Interview Exclusive

Interview with The Shamisenists

10/08/2022 2022-08-10 15:00:00 JaME Author: Jasy

Interview with The Shamisenists

JACK, leader of alternative shamisen rock band The Shamisenists, took JaME's questions on the group's origins, latest single and other topics.

© The Shamisenists. All rights reserved.
Alternative shamisen rock band The Shamisenists released their latest single SAKURA in March 2022. JaME took the opportunity to ask some questions to JACK, leader of the instrumental trio, regarding their most recent release, the band's origins, their upcoming plans and plenty more besides.

Since this is our first interview with you, could you please introduce yourself?

JACK: Konnichiwa, JaME readers! I am JACK, leader of a Tokyo-based alternative shamisen rock band called The Shamisenists. The Shamisenists consists of three members: YUJI on bass shamisen, KYOHEI on drums, and myself on lead shamisen. Today, I will be speaking on behalf of the band.

First of all, I would like to thank JaME for the continual support I received when I was playing with the band KAO=S. And I'm even more grateful for such a wonderful opportunity for this interview with my current band The Shamisenists.

Let's go back into the past and look into the band’s origins. How did you all meet, and what can you tell us about the formation of The Shamisenists?

JACK: At first, I met YUJI on the social media site called Mixi about 12 years ago. He sent me a video of him playing shamisen at some local music festival in Fukui. I thought he was very assertive because he messaged me with that video: “How is my shamisen performance? Why don’t you play with me!?“ I couldn’t give an immediate answer for the second question. As for the first one, I actually thought his performance was a bit rough but had a lot of young energy and I was drawn to it. So I messaged him: “You have a bunch of talent! Why don’t we meet in the near future!“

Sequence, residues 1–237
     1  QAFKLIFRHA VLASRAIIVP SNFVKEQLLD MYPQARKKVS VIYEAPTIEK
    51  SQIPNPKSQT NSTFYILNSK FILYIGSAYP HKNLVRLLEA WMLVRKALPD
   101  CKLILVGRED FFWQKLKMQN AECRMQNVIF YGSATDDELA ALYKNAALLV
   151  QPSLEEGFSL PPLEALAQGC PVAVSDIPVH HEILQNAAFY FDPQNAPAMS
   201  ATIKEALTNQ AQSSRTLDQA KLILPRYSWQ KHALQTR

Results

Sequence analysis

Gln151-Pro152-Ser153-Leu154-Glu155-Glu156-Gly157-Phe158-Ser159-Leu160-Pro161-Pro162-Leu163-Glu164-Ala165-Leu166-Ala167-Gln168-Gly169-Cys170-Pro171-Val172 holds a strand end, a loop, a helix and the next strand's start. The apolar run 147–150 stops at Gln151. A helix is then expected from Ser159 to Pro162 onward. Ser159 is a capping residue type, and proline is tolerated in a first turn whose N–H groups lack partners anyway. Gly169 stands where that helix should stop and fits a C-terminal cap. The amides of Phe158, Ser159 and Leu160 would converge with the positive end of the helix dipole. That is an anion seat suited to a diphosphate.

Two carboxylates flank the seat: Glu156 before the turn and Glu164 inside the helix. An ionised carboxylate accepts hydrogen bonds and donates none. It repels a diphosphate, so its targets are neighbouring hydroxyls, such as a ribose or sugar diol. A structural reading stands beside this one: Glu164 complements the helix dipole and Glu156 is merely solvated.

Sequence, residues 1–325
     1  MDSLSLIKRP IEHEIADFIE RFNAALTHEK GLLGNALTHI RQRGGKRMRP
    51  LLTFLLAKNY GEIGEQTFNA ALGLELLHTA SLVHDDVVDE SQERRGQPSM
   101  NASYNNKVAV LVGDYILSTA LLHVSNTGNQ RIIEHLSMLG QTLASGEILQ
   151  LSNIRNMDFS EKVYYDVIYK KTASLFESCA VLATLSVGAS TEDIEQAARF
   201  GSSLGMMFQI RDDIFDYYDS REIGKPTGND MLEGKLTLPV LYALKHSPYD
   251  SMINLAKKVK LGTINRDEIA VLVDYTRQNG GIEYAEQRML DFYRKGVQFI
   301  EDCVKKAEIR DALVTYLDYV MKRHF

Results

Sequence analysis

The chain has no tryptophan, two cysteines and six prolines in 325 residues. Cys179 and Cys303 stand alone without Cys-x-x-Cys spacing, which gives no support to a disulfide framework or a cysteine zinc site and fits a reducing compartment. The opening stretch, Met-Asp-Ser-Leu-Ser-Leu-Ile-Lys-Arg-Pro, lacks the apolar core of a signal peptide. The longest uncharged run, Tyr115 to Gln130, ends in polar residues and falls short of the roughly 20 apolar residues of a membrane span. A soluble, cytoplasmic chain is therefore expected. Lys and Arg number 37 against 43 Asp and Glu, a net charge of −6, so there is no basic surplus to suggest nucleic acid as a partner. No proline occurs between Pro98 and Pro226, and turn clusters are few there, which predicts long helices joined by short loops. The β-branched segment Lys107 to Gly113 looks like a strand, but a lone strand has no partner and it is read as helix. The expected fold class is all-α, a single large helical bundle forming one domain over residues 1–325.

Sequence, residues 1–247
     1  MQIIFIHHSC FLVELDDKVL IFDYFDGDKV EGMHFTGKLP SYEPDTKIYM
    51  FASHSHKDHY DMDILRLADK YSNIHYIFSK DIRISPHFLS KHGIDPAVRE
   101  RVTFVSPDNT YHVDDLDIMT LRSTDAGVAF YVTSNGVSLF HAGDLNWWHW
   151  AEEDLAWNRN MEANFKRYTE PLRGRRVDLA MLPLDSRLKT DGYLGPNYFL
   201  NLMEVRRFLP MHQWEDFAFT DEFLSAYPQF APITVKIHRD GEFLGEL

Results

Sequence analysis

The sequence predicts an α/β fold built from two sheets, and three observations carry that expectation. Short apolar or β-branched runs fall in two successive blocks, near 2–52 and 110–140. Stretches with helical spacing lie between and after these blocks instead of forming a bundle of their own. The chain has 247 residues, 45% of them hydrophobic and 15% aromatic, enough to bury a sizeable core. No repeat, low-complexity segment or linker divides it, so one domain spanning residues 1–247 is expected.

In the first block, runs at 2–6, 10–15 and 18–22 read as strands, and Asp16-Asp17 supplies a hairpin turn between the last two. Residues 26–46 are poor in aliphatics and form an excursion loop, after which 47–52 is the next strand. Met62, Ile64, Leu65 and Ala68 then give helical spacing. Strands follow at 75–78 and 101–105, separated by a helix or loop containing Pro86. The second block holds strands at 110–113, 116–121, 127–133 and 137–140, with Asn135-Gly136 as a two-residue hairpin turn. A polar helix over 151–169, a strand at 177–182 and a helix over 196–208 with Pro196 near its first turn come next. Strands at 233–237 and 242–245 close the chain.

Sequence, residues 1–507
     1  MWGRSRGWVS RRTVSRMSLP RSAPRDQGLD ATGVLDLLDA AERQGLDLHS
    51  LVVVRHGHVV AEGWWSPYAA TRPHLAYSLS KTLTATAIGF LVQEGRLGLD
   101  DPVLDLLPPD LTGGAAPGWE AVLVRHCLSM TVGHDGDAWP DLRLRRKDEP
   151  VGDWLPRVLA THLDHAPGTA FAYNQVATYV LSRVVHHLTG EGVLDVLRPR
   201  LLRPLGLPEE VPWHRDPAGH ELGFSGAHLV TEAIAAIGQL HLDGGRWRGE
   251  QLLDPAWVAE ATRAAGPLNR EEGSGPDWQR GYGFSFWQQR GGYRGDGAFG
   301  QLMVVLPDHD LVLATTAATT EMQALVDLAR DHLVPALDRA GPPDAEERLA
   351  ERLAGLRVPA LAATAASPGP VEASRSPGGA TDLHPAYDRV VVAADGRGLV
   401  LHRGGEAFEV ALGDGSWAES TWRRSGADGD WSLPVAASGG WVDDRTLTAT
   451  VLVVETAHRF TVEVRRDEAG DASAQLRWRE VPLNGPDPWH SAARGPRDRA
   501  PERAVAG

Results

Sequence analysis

After a few years, he moved to Tokyo from his hometown Fukui and I asked him “Why don’t you play with me?” And we turned out to be a unit. From that point on, almost every weekend we kept playing on the streets of Koenji, which is a famous town for alternative youth culture in Tokyo, and that was where we used to live.

You know, busking is not so simple. We’ve experienced so many things through it, but one day, an event organizer told us that he wanted us to play at his event at a famous live venue in Shibuya. I was like “Thanks God!” but at the same time, I realized that we needed to find a super cool drummer to compete against other bands with our “shamisen rock’n roll!”

At that precise moment, very luckily, I was able to meet KYOHEI through a mutual friend. At the beginning, YUJI and me planned to hire him as a support drummer, but his drumming at the show blew us away and was so cool that we invited him to be a regular member. Our activity as a “band” started from there. Sorry for this lengthy story...

Is there any special meaning behind your band name?

JACK: Actually, “shamisenist” is the word I created when I started shamisen, to describe the shamisen style the way I want to do, because I felt that the term “shamisen player” is too normal for me. Sometime later, the word "shamisenist" gradually gained popularity on the internet, so I suggested to YUJI when we became a unit "Why don’t we name ourselves THE SYAMISENIST?" (we later changed the name to The Shamisenists in 2021) and he said "Let’s go with it!"

You refer to yourselves as an "alternative shamisen rock band". Could you please explain this a bit further?

JACK: Back in 2020, when we released [re:tokyo], I somehow felt that the word “alternative rock” would help to describe our music a bit easier because the album had a wide variety of styles like funk, punk, post-rock, drum’n'bass, techno, and so on, and I guess the same goes for our albums going forward. Additionally, "shamisen" is obviously one of our important identities, and that’s why we call our genre “Alternative Shamisen Rock.” However, we haven't really figured out how to accurately describe the genre that we play because it’s kind of an unprecedented music style, so we would like to know your opinions. How would you guys describe our music? Please let us know!

You and YUJI both play the shamisen, in lead and bass roles respectively. How much does your playing vary between the different roles?